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Metabolic Brain Disease

, Volume 29, Issue 4, pp 1017–1025 | Cite as

Enhancement of functional connectivity, working memory and inhibitory control on multi-modal brain MR imaging with Rifaximin in Cirrhosis: Implications for the gut-liver-brain axis

  • Vishwadeep Ahluwalia
  • James B. Wade
  • Douglas M. Heuman
  • Thomas A. Hammeke
  • Arun J. Sanyal
  • Richard K. Sterling
  • R. Todd Stravitz
  • Velimir Luketic
  • Mohammad S. Siddiqui
  • Puneet Puri
  • Michael Fuchs
  • Micheal J. Lennon
  • Kenneth A. Kraft
  • HoChong Gilles
  • Melanie B. White
  • Nicole A. Noble
  • Jasmohan S. BajajEmail author
Research Article

Abstract

Minimal hepatic encephalopathy (MHE) impairs daily functioning in cirrhosis, but its functional brain impact is not completely understood. To evaluate the effect of rifaximin, a gut-specific antibiotic, on the gut-liver-brain axis in MHE. Hypothesis: Rifaximin will reduce endotoxemia, enhance cognition, increase activation during working memory(N-back) and reduce activation needed for inhibitory control tasks. Methods: Cirrhotics with MHE underwent baseline endotoxin and cognitive testing, then underwent fMRI, diffusion tensor imaging and MR spectroscopy(MRS). On fMRI, two tasks; N-back (outcome: correct responses) and inhibitory control tests(outcomes: lure inhibition) were performed. All procedures were repeated after 8 weeks of rifaximin. Results were compared before/after rifaximin. Results: 20 MHE patients (59.7 years) were included; sixteen completed pre/post-rifaximin scanning with 92 % medication compliance. Pre-rifaximin patients had cognitive impairment. At trial-end, there was a significantly higher correct 2-back responses, ICT lure inhibitions and reduced endotoxemia(p = 0.002). This was accompanied by significantly higher activation from baseline in subcortical structures (thalamus, caudate, insula and hippocampus) and left parietal operculum (LPO) during N-back, decrease in fronto-parietal activation required for inhibiting lures, including LPO during ICT compared to baseline values. Connectivity studies in N-back showed significant shifts in linkages after therapy in fronto-parietal regions with a reduction in fractional anisotropy (FA) but not mean diffusivity (MD), and no change in MRS metabolites at the end of the trial. A significant improvement in cognition including working memory and inhibitory control, and fractional anisotropy without effect on MD or MRS, through modulation of fronto-parietal and subcortical activation and connectivity was seen after open-label rifaximin therapy in MHE.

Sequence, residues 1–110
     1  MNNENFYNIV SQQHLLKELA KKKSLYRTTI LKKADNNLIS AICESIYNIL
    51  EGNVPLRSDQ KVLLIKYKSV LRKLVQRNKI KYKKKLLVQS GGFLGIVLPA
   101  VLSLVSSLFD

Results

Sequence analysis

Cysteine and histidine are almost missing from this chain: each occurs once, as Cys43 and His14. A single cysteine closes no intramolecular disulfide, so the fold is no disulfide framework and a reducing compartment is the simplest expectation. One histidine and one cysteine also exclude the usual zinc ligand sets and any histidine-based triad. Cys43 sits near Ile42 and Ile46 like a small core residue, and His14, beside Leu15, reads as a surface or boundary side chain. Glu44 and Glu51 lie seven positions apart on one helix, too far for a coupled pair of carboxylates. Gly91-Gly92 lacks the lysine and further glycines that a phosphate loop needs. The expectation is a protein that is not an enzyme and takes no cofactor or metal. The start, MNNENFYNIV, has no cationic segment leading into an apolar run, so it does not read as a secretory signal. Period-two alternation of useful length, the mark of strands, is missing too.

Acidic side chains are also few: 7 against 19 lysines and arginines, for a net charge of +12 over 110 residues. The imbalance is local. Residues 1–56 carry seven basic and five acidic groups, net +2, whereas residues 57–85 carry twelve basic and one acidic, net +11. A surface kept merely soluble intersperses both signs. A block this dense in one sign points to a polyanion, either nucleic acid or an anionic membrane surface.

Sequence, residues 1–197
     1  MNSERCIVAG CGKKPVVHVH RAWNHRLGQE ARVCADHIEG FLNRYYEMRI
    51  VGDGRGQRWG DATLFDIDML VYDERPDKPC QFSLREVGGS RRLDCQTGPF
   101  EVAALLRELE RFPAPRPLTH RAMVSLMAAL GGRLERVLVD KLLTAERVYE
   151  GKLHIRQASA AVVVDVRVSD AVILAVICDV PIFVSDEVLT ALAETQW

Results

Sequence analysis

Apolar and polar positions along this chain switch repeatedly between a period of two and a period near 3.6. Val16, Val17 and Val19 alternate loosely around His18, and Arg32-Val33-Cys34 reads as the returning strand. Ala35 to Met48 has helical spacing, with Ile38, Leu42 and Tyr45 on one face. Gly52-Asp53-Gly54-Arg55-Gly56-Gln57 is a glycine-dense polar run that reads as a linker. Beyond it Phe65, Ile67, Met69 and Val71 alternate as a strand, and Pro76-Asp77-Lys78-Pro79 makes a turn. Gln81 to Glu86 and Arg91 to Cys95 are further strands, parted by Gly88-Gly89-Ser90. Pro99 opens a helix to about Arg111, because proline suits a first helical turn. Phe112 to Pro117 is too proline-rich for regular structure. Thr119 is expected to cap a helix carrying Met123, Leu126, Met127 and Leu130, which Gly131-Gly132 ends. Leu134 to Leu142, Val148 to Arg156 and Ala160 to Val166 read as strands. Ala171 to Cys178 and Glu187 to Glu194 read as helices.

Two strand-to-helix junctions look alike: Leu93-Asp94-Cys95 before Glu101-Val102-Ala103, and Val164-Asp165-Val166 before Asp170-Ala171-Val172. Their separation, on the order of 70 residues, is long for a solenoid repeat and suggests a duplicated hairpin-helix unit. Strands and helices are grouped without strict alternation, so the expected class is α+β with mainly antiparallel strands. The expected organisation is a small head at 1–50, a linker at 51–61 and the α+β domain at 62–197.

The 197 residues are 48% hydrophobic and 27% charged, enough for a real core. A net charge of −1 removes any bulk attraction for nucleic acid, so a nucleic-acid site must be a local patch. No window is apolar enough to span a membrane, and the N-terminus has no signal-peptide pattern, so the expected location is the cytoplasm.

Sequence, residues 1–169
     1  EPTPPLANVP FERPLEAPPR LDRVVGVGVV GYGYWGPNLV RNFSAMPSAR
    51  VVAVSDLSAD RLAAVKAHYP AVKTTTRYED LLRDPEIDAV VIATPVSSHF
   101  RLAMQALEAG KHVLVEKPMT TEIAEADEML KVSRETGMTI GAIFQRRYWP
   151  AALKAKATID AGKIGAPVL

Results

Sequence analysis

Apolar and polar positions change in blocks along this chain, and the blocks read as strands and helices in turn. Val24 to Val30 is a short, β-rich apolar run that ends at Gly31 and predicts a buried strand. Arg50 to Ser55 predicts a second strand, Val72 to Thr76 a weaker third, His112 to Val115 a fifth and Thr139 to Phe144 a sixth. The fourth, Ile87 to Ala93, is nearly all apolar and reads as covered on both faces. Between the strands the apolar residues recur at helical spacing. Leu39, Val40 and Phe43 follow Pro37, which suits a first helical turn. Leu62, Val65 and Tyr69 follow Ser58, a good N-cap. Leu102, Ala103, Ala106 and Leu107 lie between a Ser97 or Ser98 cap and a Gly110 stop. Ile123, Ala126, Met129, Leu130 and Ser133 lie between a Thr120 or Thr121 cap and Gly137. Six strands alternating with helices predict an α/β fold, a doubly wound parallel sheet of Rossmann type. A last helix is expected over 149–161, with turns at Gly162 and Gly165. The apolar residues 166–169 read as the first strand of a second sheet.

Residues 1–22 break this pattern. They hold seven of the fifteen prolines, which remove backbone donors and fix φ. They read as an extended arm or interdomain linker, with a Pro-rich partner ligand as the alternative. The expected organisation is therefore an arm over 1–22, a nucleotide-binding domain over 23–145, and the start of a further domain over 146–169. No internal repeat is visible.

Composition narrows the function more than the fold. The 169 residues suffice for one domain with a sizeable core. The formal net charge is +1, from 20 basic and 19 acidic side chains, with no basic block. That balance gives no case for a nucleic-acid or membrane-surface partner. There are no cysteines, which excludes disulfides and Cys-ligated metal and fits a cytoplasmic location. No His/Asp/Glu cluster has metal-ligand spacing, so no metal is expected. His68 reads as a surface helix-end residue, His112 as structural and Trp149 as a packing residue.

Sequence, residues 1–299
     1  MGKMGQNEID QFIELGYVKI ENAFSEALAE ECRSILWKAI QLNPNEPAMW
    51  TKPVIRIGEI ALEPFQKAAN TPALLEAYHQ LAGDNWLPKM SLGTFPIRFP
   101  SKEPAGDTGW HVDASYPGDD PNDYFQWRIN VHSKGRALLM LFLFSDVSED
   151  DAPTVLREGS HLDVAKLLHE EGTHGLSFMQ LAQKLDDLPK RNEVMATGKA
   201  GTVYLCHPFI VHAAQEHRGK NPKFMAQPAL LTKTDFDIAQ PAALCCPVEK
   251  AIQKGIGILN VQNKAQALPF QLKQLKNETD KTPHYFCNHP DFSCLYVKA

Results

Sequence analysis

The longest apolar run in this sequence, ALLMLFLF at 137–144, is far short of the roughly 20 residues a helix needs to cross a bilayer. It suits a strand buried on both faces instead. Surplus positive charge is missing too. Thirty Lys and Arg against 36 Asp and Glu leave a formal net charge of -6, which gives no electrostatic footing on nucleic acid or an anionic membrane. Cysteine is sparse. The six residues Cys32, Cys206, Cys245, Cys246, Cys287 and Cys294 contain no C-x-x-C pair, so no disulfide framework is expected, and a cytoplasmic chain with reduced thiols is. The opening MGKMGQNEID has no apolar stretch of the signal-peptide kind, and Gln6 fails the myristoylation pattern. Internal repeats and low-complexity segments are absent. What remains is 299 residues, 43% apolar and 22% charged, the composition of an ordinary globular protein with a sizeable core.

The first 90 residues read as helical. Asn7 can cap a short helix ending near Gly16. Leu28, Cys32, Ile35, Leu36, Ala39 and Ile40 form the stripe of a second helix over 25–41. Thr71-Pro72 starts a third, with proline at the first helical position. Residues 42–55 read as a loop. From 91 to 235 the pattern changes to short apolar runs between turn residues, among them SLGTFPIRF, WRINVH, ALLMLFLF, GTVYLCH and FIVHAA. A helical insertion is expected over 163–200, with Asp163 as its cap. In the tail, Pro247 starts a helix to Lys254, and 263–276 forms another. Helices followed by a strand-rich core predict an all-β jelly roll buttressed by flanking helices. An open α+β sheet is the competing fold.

Keywords

Covert hepatic encephalopathy Working memory Microbiome Functional MRI Magnetic resonance spectroscopy Diffusion tensor imaging Endotoxin 

Notes

Grant Support

Partly supported by grants U01AT004428 from the National Center for Complementary and Alternative Medicine, grant RO1AA020203 from the National Institute on Alcohol Abuse and Alcoholism, grant RO1DK087913 from the National Institute of Diabetes and Digestive and Kidney Diseases, the McGuire Research Institute and an investigator-initiated grant from Salix Pharmaceuticals. The funders had no role in study design, data collection and analysis, decision to publish, or preparation of the manuscript.

Supplementary material

11011_2014_9507_MOESM1_ESM.docx (245 kb)
ESM 1 (DOCX 245 kb)

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Copyright information

© Springer Science+Business Media New York 2014

Authors and Affiliations

  • Vishwadeep Ahluwalia
    • 1
    • 2
  • James B. Wade
    • 3
  • Douglas M. Heuman
    • 2
  • Thomas A. Hammeke
    • 4
  • Arun J. Sanyal
    • 2
  • Richard K. Sterling
    • 2
  • R. Todd Stravitz
    • 2
  • Velimir Luketic
    • 2
  • Mohammad S. Siddiqui
    • 2
  • Puneet Puri
    • 2
  • Michael Fuchs
    • 2
  • Micheal J. Lennon
    • 1
  • Kenneth A. Kraft
    • 1
  • HoChong Gilles
    • 2
  • Melanie B. White
    • 2
  • Nicole A. Noble
    • 2
  • Jasmohan S. Bajaj
    • 2
    Email author
  1. 1.Division of RadiologyVirginia Commonwealth University and McGuire VA Medical CenterRichmondUSA
  2. 2.Division of Gastroenterology, Hepatology and NutritionVirginia Commonwealth University and McGuire VA Medical CenterRichmondUSA
  3. 3.Division of PsychiatryVirginia Commonwealth University and McGuire VA Medical CenterRichmondUSA
  4. 4.Division of PsychiatryMedical College of WisconsinMilwaukeeUSA

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